Pharmacies balk at giving donated drugs to patients


Two years after Nevada passed a law allowing unused cancer drugs to be passed along, the expensive drugs still must be thrown away.

The Nevada Legislature enacted a law that allows cancer patients or their families to donate unused prescriptions to pharmacies that would distribute them to others in need.

That 2009 legislation, lawmakers believed, would help many people who couldn't afford them obtain life-saving drugs. No longer would it be necessary to throw away unused, unopened drugs that often cost thousands of dollars.

But pharmacies refuse to participate in the voluntary program run by the Nevada State Board of Pharmacy.

"I have not had one pharmacy call me with the interest in the program," said Carolyn Cramer, general counsel of the pharmacy board.

Despite the fact that similar programs have been done safely around the country, safety concerns -- largely presented in the form of concerns about how patients or their loved ones care for the drugs -- are given as the reason for the nonparticipation by pharmacies in Nevada.

The fact that the program has not gotten under way has frustrated those who worked on and lobbied for the legislation, including Henderson schoolchildren worried about needy people not getting the cancer treatment they need.

"Really?" said former Reno Democratic Assembly­man Bernie Anderson when he learned that no one has benefited from the bill he sponsored. "I'm surprised and disappointed. I really thought we had done something that could help people."

State Sen. Barbara Cegavske, R-Las Vegas, said she was shocked when she recently learned from a schoolteacher that unused cancer drugs still could not be donated. After she sponsored a similar bill in 2007 that didn't pass because pharmacies had liability concerns, she worked closely with Anderson on his bill.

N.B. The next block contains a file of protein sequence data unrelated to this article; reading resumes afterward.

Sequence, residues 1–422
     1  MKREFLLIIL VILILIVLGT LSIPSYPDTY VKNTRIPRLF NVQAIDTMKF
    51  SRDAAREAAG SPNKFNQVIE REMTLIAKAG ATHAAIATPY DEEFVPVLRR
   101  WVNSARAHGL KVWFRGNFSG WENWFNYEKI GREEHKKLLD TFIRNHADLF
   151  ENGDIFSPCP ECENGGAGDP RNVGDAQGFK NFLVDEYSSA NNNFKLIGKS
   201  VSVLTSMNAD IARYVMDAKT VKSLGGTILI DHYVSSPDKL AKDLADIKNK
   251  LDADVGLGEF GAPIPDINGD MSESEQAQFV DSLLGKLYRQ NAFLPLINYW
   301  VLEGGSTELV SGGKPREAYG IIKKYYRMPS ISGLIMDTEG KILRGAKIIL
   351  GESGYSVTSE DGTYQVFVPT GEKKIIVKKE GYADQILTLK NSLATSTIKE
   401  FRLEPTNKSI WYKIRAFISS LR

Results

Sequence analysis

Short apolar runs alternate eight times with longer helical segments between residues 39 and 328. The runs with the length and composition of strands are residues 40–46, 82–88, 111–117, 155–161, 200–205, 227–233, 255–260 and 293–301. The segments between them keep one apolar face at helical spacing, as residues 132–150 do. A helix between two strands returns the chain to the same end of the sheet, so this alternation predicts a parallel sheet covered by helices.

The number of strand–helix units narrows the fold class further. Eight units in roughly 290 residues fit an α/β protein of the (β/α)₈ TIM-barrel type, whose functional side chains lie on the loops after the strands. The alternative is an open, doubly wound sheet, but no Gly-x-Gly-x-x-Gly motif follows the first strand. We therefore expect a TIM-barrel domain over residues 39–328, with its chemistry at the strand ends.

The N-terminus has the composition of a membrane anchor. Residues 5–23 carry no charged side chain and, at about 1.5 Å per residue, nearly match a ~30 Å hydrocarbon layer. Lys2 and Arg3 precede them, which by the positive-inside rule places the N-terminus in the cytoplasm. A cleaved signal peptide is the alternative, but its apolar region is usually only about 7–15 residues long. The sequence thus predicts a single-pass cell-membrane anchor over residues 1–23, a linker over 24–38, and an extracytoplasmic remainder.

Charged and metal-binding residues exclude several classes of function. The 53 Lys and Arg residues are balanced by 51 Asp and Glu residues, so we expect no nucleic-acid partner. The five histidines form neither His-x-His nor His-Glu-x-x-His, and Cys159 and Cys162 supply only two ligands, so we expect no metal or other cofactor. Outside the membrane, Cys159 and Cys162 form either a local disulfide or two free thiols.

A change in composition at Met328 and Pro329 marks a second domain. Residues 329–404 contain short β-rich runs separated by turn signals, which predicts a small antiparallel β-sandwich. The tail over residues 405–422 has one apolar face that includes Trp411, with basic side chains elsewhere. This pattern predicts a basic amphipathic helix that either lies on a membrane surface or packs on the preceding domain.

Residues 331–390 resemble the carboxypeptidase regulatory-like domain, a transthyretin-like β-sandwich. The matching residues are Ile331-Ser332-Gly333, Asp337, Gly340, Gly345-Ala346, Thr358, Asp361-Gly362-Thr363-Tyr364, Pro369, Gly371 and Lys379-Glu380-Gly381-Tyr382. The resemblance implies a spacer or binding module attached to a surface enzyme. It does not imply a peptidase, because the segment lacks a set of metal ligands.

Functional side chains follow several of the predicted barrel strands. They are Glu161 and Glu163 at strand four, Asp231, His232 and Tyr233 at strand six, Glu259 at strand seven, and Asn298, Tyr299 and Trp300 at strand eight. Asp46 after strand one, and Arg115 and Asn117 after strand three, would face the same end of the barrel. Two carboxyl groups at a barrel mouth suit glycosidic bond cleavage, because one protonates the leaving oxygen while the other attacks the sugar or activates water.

"There are so many people who can't afford these drugs," said Cegavske, who became interested in the issue nearly 30 years ago after the death of her father.

Some of her father's drugs hadn't been opened. When she tried to donate them to the needy, she found out she couldn't.

"I thought it was such a waste," Cegavske said. "I feel sure we addressed the safety and liability issues in the law."

LIABILITY CONCERNS

Nevada's cancer drug donation law appears to make safety and liability questions a primary concern.

Language in the law provides immunity from civil liability to drug donors or program providers. The bill also provides immunity from civil and criminal liability to manufacturers of cancer drugs donated in the program. Patients who would receive donated medication would have to sign a document acknowledging the drugs have potentially been stored in a noncontrolled environment.

Donated drugs must have an expiration date greater than 30 days from donation; they must be in the original, unopened, sealed and tamper-evident packaging; they may be in single-unit dose packaging as long as the packaging is unopened; they must not require refrigeration or temperature requirements different from room temperature; and they must not be a compounded product or a controlled substance.

Pharmacies contacted by the Review-Journal still cite concerns.